Trump takes hard line on Pakistan for supporting terrorist groups

In his speech outlining US strategy in Afghanistan and the wider region, President Donald Trump called out Pakistan for harboring and supporting terrorist groups that target and kill US citizens, and said there would be a radical change in policy toward the South Asian nation.

Trump’s public acknowledgement of Pakistan’s ties to terrorist groups, including the Taliban, was unprecedented for a US Commander in Chief. While lower level US officials, such as Chairman of the Joint Chief of State Admiral Mullen, have previously pointed out Pakistan’s support of the Taliban and its powerful subgroup, the Haqqani Network, Presidents Bush and Obama have taken a softer line in the hopes that Pakistan would moderate its support for terrorist organizations in the region.

Trump said the US will work to increase ties with India, Pakistan’s neighbor and greatest enemy, as part of the “change in approach in how to deal with Pakistan.”

Trump noted “20 US-designated foreign terrorist organizations” are currently active in Pakistan and Afghanistan, and said Pakistan “often gives safe haven to agents of chaos, violence, and terror.”

“We can no longer be silent about Pakistan’s safe havens for terrorist organizations, the Taliban, and other groups that pose a threat to the region and beyond,” Trump said.

While acknowledging that the US and Pakistan “have worked together against common enemies” and that the “Pakistani people have suffered greatly from terrorism and extremism,” Trump said Pakistan has repaid the US by supporting terrorist groups that kill Americans.

We recognize those contributions and those sacrifices [of Pakistanis who have been killed in terrorist attack], but Pakistan has also sheltered the same organizations that try every single day to kill our people. We have been paying Pakistan billions and billions of dollars, at the same time they are housing the same terrorists that we are fighting. But that will have to change. And that will change immediately. No partnership can survive a country’s harboring of militants and terrorists who target US service members and officials. It is time for Pakistan to demonstrate its commitment to civilization, order, and to peace.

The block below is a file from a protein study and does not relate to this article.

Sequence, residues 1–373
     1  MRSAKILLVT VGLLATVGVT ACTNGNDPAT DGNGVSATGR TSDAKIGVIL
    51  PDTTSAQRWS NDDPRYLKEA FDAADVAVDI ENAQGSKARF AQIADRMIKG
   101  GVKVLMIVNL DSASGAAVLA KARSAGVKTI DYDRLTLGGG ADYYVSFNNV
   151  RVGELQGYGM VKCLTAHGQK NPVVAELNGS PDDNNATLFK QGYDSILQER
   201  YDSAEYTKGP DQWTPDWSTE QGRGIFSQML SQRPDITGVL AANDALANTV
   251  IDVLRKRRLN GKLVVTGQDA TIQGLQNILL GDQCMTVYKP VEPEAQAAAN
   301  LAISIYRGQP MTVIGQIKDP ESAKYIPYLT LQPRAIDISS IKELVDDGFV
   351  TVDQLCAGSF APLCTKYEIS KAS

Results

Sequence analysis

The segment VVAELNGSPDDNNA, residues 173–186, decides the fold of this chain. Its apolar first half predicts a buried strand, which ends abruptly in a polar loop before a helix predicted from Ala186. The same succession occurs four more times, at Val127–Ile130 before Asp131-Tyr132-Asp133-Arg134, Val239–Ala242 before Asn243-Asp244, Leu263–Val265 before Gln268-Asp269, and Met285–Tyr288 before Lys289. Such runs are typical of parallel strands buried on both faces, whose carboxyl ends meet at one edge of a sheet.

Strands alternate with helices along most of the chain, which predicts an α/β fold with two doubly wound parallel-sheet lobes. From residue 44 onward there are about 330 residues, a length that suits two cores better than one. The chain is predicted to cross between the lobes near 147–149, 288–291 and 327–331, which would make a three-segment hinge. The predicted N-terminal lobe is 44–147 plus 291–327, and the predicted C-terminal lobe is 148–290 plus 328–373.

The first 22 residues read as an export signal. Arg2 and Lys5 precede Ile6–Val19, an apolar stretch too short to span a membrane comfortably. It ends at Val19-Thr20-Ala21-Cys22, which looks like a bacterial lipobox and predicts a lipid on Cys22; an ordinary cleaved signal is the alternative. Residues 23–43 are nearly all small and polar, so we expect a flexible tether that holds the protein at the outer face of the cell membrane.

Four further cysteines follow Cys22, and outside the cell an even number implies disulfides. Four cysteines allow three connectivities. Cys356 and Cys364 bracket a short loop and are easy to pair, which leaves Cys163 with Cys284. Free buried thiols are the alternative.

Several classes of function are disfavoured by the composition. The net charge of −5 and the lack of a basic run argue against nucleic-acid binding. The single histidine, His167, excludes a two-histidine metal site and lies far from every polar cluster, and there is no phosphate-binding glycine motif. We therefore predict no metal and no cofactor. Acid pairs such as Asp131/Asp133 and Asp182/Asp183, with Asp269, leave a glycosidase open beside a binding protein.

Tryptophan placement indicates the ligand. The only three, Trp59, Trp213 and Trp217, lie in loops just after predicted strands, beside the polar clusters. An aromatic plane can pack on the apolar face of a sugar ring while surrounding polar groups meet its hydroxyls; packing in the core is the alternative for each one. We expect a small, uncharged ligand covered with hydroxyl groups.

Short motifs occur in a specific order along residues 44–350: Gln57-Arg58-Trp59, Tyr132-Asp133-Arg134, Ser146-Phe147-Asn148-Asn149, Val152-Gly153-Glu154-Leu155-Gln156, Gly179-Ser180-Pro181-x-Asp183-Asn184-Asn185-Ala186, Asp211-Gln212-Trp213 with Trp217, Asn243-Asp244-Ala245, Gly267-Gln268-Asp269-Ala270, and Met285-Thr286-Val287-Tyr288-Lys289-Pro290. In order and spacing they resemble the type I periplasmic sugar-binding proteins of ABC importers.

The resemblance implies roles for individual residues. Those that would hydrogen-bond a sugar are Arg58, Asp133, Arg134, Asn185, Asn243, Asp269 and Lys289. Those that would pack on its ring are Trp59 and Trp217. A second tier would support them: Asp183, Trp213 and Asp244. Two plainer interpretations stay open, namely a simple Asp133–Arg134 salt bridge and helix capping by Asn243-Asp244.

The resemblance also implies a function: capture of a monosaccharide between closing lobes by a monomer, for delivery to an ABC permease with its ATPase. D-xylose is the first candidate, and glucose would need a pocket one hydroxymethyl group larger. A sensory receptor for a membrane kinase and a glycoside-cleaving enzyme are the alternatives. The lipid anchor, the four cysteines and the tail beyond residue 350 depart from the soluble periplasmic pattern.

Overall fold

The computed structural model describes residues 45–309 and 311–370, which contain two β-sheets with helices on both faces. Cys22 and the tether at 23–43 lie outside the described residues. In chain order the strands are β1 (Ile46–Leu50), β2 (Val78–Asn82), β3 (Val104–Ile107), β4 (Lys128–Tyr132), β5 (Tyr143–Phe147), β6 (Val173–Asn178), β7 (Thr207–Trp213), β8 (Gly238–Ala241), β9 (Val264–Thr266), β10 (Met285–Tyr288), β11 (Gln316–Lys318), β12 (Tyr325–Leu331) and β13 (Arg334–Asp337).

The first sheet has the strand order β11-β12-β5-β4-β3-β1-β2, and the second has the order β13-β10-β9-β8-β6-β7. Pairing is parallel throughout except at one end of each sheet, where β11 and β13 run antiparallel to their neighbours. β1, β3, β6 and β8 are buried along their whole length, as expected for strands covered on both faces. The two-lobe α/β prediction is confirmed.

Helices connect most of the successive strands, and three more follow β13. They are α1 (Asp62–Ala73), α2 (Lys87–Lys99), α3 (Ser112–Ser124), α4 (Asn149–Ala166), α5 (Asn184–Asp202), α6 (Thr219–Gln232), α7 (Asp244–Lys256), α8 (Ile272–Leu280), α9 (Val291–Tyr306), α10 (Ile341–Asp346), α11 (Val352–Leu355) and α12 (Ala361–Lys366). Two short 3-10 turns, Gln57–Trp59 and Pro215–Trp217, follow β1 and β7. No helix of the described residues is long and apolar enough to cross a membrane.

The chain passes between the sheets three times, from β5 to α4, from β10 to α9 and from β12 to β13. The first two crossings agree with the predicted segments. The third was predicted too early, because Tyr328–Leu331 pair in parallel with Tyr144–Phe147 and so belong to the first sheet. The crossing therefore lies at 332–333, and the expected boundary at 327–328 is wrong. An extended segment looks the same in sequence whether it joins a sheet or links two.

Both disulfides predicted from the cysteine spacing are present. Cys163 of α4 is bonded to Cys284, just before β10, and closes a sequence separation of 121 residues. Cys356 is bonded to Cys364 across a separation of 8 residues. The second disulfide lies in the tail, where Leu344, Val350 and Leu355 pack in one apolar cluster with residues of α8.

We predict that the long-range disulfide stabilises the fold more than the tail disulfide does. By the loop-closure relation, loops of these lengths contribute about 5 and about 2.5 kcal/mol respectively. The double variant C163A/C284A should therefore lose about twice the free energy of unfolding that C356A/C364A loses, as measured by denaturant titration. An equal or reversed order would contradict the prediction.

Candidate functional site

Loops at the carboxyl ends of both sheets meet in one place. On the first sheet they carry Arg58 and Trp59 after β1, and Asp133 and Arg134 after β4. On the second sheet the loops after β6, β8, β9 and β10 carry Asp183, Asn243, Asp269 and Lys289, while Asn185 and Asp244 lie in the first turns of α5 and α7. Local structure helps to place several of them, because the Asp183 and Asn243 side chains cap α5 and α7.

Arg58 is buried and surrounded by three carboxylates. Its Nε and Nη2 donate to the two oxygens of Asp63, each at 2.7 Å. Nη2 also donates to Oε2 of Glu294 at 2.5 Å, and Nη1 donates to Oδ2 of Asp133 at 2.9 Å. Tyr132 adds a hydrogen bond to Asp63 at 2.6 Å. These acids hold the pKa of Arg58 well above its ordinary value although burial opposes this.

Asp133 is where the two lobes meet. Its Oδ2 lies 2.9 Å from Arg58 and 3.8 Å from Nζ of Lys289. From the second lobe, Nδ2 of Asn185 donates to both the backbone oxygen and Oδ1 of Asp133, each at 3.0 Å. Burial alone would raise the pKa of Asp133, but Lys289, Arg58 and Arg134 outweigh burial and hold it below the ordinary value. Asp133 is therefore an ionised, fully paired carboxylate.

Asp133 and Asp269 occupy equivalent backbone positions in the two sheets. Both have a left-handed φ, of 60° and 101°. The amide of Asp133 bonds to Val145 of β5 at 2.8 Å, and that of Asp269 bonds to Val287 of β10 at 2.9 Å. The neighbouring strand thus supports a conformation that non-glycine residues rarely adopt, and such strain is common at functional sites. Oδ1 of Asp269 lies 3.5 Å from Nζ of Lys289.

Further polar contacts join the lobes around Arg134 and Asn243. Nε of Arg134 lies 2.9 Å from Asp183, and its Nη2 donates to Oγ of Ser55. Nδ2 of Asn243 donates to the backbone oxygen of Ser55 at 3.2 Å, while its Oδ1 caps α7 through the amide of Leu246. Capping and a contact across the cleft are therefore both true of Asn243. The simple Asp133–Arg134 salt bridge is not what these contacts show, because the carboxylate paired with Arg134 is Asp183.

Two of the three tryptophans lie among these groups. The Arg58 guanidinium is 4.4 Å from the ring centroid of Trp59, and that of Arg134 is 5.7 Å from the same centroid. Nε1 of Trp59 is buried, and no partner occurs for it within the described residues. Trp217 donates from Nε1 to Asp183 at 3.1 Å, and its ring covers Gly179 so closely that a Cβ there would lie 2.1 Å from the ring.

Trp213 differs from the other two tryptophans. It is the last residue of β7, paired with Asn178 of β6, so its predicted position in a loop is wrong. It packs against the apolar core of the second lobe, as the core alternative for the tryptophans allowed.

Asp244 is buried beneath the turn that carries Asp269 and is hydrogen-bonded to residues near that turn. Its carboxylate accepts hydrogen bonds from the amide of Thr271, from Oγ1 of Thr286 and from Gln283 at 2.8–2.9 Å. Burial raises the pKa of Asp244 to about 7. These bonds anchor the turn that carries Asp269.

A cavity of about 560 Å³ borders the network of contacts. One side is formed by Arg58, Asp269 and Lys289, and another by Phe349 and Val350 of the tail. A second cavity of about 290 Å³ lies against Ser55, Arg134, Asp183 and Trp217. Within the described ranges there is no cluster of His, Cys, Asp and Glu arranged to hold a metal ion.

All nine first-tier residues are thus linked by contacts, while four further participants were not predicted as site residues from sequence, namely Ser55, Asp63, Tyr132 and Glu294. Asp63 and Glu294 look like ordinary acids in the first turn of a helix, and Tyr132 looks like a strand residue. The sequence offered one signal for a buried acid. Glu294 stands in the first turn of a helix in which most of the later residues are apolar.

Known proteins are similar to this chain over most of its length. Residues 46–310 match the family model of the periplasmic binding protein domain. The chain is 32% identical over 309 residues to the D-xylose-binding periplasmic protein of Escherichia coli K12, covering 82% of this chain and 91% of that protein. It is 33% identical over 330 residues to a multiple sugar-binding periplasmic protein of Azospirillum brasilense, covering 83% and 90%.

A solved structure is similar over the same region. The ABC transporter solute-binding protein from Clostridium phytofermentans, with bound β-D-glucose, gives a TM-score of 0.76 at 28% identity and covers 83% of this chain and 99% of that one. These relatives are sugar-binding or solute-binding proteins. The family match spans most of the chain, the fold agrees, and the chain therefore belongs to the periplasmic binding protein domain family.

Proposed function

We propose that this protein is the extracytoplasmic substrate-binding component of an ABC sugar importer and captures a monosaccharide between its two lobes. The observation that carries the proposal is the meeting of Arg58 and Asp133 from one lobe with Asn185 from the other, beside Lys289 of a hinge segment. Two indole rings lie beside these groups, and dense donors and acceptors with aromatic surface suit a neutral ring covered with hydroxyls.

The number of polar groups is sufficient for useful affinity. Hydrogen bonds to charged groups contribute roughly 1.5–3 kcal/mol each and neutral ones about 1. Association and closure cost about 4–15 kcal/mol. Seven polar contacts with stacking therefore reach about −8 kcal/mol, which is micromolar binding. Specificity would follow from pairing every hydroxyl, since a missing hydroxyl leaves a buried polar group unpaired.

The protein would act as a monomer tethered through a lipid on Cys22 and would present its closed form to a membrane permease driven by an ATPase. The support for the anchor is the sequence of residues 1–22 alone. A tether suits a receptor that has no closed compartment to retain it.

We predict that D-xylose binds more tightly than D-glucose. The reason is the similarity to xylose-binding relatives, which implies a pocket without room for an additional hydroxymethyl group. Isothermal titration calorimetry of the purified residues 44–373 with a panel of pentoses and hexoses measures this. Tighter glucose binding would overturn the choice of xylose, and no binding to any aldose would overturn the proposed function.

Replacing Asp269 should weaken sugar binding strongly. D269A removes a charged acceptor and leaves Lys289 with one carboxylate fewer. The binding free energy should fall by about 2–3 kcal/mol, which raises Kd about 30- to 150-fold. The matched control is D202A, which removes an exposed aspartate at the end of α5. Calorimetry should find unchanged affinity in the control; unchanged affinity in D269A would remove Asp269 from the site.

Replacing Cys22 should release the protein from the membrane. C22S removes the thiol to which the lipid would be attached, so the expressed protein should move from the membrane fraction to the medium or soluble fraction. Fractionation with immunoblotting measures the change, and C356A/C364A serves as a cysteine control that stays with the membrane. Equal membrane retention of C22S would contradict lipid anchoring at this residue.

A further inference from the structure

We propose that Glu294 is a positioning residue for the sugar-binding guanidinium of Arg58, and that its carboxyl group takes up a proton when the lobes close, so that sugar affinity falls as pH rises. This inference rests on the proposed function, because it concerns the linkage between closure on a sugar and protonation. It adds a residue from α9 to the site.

In what must have sent shockwaves all the way to Islamabad and Rawalpindi – the home of Pakistan’s military and intelligence service – Trump followed up his harsh words for Pakistan with a call for greater American cooperation with India.

Trump said the US will seek to “develop its strategic partnership with India” and described the country as “a key security and economic harbor of the United States.” He called for India to play a greater role in Afghanistan “especially in the area of economic assistance and development.”

A US shift from Pakistan to India as a key ally in South Asia is sure to both enrage as well as frighten Pakistani elites. But an attempt to change Pakistan’s behavior and end its support for jihadist groups will be exceedingly difficult and may test the resolve of the US to see just how serious it is.

Previous US administrations have incentivized the Pakistani government to continue its policies that have allowed the Taliban, al Qaeda, and other jihadist groups to survive and thrive in the region. Instead of making Pakistan pay for its policy, the US has transferred billions of dollars to Pakistan in a failed attempt to influence its behavior. Pakistan will likely have to pay a heavy price to stop supporting jihadists and end its policy of relying on the Taliban for “strategic depth.”

Since its founding in 1947, Pakistan has been unable to achieve victory on conventional battlefields against India, which has remained an enemy since the Indo-Pakistani War of 1947 in which Pakistan attempted to gain control of the Indian states of Jammu and Kashmir.

To compensate for this, Pakistan implemented its own version of “strategic depth” in Afghanistan. Pakistan has supported groups in Afghanistan in order to deny India influence in its backyard, as well as to allow the nation to serve as a fallback in case of an Indian invasion. Over time, Pakistan began raising and supporting terrorist groups to wage a guerrilla war against Indian forces in the state.

Pakistan capitalized on the chaos in post-Soviet Afghanistan and hunted for a group that would serve its purposes. With the rise of Mullah Omar’s Taliban faction in the early 1990s, Pakistan military and intelligence officers assigned to implement strategic depth saw the perfect partner: a powerful jihadist political movement that was gaining popularity throughout the country and was capable of sustaining military advances. Pakistan provided military and financial support to Omar’s faction, which successfully established the Islamic Emirate of the Taliban in 1996 and controlled upwards of 90 percent of the country until the US invasion in 2001.